Paul Hammant's Blog: A Serverless Sequence Diagram
I thought I’d put a diagram together that shows some of the way I think about the general serverless facility, and a key difference to the old world of application composition and deployment. Two-time former colleague, Mike Roberts, knows serverless stuff way better than me, and hopefully I’m doing a fair job here of showing an alternate diagrammatic description of one piece of it:
Ports, processes and all that
Key (to me) is the fact that the functions deployed to the serverless infra don’t have domain names (even internal ones),
nor TCP/IP addresses, nor listen on ports. At least for us as the users of this system that is true - all routing is by
a logical name alone. If my serverless function needed
zipCodeService then that’s all it would need to know before being
able to invoke it (as well as a platform provided API for lookup). This design is so smooth, that it’s easy to have wholly
separated (shared nothing) environments that are easy define the daily cost for. This would include per-developer environments, and plenty for the CI controlled automation that high-throughput dev teams rely on. Ephemeral environments are possible even, as it
matters far less with serverless whether the environment is “up” (by some definition) and yet not used. There’s charges for use
of serverless, but they are fine grained and traceable to each environment’s functional handlers that did the servicing so that
you know where your dollars are going each week.
Back to named dependencies
that are sibling deployments in the serverless infra: there’s no notion of services that would be named to include environment. So you’d not see a
zipCodeService_QA1 function. Your functions that would need it look it up by canonical name (
zipCodeService) as it
could not use one from an adjacent env for the same application as they’re invisible. There’s no need to thing of that as a
side-firewall constrained capability (although it may be too) because there’s no notion of sockets to the developer/deployer.
Functions in a serverless infrastructure don’t have them. Well there are sockets involved if you’re calling out to the likes of
https://api.github.com for some purpose, but that’s a different thing and subject to it’s own best practice / worst practice considerations.
Key advances for our industry
This stuff and the abandonment of names:ports in the config is a key advance for our industry. It is like a limiting Unix problem has been overcome. While it is still is impossible for two processes on one server to listen on the same port (say port 443), it is now not important as we have a mechanism for efficiently stitching together components (functions) of an application together via the simplest thing - a name. A name that is totally open for my naming creativity (ports were restricted if they were numbered below 1024 and also tied to specific purposes) . We’re also relieved of the problem of having to think of processes now, and whether they’ve crashed and won’t be receiving requests any more. Here’s a really great, but rambling, rant on a bunch of related topics by Smash Company that you should read too as it touches on some of the same things but goes much broader.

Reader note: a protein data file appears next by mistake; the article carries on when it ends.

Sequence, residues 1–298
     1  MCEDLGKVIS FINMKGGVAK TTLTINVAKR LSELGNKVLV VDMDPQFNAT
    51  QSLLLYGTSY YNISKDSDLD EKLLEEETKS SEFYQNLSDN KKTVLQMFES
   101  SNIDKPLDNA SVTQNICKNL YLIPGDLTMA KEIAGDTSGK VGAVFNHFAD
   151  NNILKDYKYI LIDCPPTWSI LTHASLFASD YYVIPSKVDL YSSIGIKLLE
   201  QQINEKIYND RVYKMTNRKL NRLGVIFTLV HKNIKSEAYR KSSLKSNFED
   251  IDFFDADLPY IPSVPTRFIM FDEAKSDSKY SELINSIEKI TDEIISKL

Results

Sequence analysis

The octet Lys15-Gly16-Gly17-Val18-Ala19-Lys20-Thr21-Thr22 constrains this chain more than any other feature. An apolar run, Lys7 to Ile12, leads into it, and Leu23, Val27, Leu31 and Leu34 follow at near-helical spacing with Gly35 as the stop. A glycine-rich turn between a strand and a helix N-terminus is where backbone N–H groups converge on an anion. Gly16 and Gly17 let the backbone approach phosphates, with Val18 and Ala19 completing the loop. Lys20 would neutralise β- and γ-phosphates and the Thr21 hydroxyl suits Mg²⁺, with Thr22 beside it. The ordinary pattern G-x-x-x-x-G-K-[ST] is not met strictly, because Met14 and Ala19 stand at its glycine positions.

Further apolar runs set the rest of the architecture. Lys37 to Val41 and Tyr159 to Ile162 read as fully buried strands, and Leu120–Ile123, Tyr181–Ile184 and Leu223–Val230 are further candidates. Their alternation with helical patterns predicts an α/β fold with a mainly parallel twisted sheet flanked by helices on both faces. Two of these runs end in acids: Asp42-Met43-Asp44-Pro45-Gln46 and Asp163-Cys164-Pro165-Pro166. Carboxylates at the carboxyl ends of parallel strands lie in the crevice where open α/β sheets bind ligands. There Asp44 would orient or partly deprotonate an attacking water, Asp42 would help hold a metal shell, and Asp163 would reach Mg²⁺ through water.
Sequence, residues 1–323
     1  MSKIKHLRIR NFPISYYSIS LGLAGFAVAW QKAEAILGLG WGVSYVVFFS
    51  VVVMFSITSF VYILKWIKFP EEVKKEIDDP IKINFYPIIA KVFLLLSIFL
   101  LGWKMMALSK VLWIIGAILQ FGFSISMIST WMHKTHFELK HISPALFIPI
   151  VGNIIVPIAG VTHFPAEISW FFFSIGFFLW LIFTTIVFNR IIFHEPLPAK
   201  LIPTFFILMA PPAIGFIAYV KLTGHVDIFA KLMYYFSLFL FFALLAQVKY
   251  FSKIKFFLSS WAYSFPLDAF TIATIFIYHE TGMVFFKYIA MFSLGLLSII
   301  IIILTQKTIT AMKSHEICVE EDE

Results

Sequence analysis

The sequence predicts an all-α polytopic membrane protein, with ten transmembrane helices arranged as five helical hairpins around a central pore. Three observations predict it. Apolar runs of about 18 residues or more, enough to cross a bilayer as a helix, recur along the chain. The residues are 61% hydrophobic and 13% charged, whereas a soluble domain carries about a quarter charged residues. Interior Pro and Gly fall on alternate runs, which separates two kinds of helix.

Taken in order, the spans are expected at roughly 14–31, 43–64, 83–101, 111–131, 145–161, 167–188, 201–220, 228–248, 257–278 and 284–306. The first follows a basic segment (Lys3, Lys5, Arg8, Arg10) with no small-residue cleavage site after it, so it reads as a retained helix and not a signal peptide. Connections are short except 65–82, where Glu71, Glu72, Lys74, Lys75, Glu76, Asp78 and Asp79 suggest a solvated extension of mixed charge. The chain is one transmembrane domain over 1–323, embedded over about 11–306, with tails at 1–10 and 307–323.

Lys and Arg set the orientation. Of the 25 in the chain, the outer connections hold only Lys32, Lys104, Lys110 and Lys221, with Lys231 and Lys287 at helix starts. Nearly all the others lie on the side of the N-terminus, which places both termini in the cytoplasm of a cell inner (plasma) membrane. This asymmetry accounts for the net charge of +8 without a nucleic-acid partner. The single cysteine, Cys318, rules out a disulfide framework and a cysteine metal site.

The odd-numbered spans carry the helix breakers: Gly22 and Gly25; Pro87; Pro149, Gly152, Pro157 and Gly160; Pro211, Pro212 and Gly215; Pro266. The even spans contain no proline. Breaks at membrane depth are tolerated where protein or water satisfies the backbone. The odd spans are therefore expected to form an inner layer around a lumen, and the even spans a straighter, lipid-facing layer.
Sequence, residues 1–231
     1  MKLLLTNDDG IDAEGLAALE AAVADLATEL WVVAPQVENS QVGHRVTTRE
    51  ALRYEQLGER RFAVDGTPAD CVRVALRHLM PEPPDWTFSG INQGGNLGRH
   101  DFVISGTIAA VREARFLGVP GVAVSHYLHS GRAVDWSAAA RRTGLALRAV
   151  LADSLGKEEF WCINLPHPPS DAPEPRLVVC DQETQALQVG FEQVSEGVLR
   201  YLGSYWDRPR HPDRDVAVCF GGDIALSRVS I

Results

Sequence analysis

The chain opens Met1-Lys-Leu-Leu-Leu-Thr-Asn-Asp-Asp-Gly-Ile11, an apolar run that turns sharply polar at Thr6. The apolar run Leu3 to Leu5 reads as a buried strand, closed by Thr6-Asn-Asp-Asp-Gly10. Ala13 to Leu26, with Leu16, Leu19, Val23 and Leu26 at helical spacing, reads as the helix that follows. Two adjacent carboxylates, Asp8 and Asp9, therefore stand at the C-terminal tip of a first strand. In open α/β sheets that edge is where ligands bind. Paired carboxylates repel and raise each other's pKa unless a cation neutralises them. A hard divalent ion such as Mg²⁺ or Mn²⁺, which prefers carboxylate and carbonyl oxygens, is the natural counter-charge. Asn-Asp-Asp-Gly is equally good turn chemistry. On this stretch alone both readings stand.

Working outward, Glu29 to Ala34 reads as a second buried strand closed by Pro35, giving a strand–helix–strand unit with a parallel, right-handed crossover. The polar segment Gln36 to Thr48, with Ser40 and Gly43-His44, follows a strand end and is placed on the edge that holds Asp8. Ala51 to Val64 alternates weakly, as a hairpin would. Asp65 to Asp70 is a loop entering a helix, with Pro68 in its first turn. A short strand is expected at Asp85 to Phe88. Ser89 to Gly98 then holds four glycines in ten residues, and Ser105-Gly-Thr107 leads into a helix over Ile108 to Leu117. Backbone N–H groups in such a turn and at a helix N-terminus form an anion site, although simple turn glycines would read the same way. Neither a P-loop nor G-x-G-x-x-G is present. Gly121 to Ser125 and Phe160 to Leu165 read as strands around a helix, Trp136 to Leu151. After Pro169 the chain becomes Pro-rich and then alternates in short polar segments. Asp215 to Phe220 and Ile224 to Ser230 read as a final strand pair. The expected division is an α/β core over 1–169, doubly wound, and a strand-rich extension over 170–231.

Notes on the diagram
In the diagram above, I’ve not shown any Backend as a Service (BaaS) pieces for this “meaning of life” invocation, but with functions as a service (Faas, that is shown), is very much part of the “serverless” proposition.
Also not shown in the diagram are some things in the serverless infra itself (right of the vertical dotted line):
- The use of a store during Container Manager’s lookup, and instantiation of function handlers
- The purging of function handler instances/containers on any basis
- Caching at any level.
- Perhaps even the immense scale potential for the hosting infra itself and the apps within it
Mike and John Chapin have a consultancy Symphonia that can help you introduce serverless to your enterprise. They do business globally, but are based in New York like me. Mike of course helped me get this diagram right. Principally by applying a big red pen, and saying “no like this”.